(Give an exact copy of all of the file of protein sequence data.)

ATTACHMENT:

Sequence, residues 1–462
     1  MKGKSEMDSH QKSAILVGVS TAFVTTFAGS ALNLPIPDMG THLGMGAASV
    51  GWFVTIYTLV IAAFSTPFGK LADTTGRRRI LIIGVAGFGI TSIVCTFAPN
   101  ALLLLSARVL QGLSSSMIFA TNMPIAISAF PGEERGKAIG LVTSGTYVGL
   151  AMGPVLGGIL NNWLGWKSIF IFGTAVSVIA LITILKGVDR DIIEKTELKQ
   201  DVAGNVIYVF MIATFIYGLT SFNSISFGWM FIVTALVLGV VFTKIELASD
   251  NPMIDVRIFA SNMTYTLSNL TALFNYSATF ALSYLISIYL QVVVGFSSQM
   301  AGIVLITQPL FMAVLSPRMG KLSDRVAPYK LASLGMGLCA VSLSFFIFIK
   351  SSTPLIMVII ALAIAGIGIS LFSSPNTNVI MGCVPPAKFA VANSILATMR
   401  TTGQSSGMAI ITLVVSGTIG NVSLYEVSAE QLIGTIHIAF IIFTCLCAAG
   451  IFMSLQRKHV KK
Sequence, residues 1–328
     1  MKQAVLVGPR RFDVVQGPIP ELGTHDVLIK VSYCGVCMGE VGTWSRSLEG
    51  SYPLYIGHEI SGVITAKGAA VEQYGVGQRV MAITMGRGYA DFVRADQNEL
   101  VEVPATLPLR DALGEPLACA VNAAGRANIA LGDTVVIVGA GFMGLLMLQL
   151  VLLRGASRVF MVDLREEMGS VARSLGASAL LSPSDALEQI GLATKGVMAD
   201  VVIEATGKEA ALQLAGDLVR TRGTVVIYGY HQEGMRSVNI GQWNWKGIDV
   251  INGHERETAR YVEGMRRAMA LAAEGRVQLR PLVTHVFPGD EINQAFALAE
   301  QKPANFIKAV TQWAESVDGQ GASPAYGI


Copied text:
Sequence, residues 1–462
     1  MKGKSEMDSH QKSAILVGVS TAFVTTFAGS ALNLPIPDMG THLGMGAASV
    51  GWFVTIYTLV IAAFSTPFGK LADTTGRRRI LIIGVAGFGI TSIVCTFAPN
   101  ALLLLSARVL QGLSSSMIFA TNMPIAISAF PGEERGKAIG LVTSGTYVGL
   151  AMGPVLGGIL NNWLGWKSIF IFGTAVSVIA LITILKGVDR DIIEKTELKQ
   201  DVAGNVIYVF MIATFIYGLT SFNSISFGWM FIVTALVLGV VFTKIELASD
   251  NPMIDVRIFA SNMTYTLSNL TALFNYSATF ALSYLISIYL QVVVGFSSQM
   301  AGIVLITQPL FMAVLSPRMG KLSDRVAPYK LASLGMGLCA VSLSFFIFIK
   351  SSTPLIMVII ALAIAGIGIS LFSSPNTNVI MGCVPPAKFA VANSILATMR
   401  TTGQSSGMAI ITLVVSGTIG NVSLYEVSAE QLIGTIHIAF IIFTCLCAAG
   451  IFMSLQRKHV KK
Sequence, residues 1–328
     1  MKQAVLVGPR RFDVVQGPIP ELGTHDVLIK VSYCGVCMGE VGTWSRSLEG
    51  SYPLYIGHEI SGVITAKGAA VEQYGVGQRV MAITMGRGYA DFVRADQNEL
   101  VEVPATLPLR DALGEPLACA VNAAGRANIA LGDTVVIVGA GFMGLLMLQL
   151  VLLRGASRVF MVDLREEMGS VARSLGASAL LSPSDALEQI GLATKGVMAD
   201  VVIEATGKEA ALQLAGDLVR TRGTVVIYGY HQEGMRSVNI GQWNWKGIDV
   251  INGHERETAR YVEGMRRAMA LAAEGRVQLR PLVTHVFPGD EINQAFALAE
   301  QKPANFIKAV TQWAESVDGQ GASPAYGI